O’Brien stressed that recent residential development projects have largely proceeded on vacant land and parking lots along or near Revere Beach. 

“Not one of those new units displaced existing units,” O’Brien said. 

Many of the new units have been built at the massive Waterfront Square project, the transit-oriented, multi-phase redevelopment of six parcels along Revere Beach, four of which have already been developed into market-rate residential buildings. 

Construction is under way on two additional Waterfront Square parcels  one for a 170-room hotel and the second for another apartment building being constructed by a development team of Hines, Belfonti Cos. and Bridge Investment Group. 

Kyle Warwick, principal at Redgate, is one of the many developers who has been especially busy in Revere in recent years. 

Redgate’s first project was the 195-unit One Beachmont, across from Suffolk Downs and finished in 2019. The 305-unit 500 Ocean project, located right at the Wonderland MBTA bus and subway station, opened in April 2020. 

And the first phase of the “Ryder” project, at 21 Revere Beach Blvd., is expected to open with 127 units in February. second phase, with 70 additional units, is scheduled to be completed this spring, said Warwick. 

“We’re looking at more projects,” said Warwick, who declined to give details. “We love Revere. We love the Blue Line. We love the beach. It’s really those two things that we’re selling – the T and the beach.” 

He said the pandemic has hurt the rental market in Revere, as it has elsewhere, as many young professionals initially pulled back from rentals amid economic turmoil. But they’ve recently started “to peek their heads out” again and Warwick said he’s confident the rental market will rebound. 

Not a Contentious’ City 

It’s not just residential buildings going up in Revere. 

Budge Upton, a partner at Upton Partners, said his firm is involved in the development of the new SpringHill Suites by Marriott hotel project at Waterfront Square, adjacent to the Wonderland T station.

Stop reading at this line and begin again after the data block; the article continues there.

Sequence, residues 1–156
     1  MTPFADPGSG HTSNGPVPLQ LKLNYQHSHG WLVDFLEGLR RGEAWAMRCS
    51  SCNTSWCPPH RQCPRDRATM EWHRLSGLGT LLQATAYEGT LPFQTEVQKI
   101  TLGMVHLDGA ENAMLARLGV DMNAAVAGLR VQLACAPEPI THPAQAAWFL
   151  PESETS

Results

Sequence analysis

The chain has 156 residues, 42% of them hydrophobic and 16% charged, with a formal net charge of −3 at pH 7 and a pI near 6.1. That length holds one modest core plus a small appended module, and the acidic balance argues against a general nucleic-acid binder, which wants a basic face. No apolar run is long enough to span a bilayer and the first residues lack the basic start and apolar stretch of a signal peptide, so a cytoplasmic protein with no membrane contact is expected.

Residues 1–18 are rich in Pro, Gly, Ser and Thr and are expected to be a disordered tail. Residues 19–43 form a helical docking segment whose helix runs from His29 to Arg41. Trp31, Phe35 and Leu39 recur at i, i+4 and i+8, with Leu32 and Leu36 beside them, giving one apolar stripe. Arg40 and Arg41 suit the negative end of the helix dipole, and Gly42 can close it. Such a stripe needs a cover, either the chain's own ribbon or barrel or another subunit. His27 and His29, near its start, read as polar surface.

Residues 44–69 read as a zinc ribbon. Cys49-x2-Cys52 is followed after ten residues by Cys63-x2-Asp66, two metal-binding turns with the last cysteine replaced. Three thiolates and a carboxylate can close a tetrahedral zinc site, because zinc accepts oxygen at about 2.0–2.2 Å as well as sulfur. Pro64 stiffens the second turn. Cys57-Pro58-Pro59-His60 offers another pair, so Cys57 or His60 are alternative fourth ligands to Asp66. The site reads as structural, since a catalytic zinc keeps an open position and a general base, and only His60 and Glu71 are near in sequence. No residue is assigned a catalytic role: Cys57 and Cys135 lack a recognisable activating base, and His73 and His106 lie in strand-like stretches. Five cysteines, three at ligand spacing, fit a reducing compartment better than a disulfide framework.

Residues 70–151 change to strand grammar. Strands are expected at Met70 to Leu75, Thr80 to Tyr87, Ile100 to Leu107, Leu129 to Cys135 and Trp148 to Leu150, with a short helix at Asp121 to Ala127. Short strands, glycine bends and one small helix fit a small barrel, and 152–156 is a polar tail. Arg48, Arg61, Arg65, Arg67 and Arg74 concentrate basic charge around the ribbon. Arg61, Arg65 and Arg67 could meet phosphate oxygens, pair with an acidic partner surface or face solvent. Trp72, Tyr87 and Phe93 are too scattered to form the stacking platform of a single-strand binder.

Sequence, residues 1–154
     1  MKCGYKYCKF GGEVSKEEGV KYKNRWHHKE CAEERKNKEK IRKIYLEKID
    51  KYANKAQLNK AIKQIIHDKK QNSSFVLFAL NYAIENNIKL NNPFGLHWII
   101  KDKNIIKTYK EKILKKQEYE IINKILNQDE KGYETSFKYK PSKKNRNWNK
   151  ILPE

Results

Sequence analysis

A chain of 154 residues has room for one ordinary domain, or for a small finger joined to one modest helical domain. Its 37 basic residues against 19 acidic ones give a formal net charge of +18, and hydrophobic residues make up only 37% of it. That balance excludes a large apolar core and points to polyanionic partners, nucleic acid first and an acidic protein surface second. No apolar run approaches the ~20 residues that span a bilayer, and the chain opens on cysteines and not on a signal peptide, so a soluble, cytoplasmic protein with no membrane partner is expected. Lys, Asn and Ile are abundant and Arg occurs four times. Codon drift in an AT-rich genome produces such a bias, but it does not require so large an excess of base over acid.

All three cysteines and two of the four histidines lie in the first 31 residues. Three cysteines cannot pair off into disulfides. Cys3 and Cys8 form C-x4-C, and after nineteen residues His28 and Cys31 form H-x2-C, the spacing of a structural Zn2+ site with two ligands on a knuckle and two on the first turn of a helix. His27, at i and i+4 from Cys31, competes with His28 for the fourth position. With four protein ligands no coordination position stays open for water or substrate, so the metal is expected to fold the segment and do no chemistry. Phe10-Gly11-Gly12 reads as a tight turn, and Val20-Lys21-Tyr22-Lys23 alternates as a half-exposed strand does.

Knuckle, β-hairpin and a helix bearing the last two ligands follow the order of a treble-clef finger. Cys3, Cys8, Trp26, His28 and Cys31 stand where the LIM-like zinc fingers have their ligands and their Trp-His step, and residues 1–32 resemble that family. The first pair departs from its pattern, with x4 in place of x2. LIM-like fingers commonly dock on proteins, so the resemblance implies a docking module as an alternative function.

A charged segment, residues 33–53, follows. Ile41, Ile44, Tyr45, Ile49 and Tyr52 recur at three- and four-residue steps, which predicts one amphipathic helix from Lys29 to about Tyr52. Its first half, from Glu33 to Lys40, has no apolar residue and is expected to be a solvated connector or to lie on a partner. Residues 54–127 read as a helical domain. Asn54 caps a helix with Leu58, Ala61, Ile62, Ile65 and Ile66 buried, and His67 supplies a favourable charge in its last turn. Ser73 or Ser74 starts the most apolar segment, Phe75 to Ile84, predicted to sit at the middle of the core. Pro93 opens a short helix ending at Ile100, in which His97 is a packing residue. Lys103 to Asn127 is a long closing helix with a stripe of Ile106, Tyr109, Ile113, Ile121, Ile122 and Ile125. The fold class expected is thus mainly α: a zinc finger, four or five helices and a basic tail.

Upton’s firm has been involved in a number of past development projects in Revere, including the 233-unit 650 Ocean Ave. 

He praised city officials for being open to new development and flexible in their demands.  

“It’s not been a contentious place to do business,” Upton said, adding his firm is exploring other potential projects in Revere. 

John Migliozzi, executive vice president at East Boston Savings Bank, said business activity in general has slowed in Revere and elsewhere due to the pandemic. But he saiit’s impressive that so much development activity has managed to move forward during the coronavirus crisis in Revere. 

“Revere Beach has just really taken off,” he said. “We think more off-beach development is also on the way. It’s all building momentum. 

Not that all developments in Revere have been high-end ventures.  

TND is currently constructing 51 units at 571 Revere St. – all of them subsidized units – and is expecting to open the residential building this spring.  

But TND’s Mares notes his organization has received 1,400 applications for the units, a sign of just how much demand is out there for affordable housing units. The bottom line, Mares says, is that more subsidized units are needed in Revere. 

Arrigo, Revere’s mayor, said he’s confident more are on the way. 

“There are other parking lots in Revere waiting to be developed,” he said. 

Revere Rides Wave of Development

by Jay Fitzgerald time to read: 4 min